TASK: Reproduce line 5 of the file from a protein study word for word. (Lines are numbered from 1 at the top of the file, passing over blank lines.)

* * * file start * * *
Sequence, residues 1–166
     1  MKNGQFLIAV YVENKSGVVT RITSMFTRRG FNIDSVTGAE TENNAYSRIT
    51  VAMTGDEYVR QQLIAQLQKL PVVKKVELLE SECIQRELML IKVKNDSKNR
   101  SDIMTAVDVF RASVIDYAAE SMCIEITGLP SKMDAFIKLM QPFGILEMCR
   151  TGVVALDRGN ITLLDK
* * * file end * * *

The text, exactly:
   151  TGVVALDRGN ITLLDK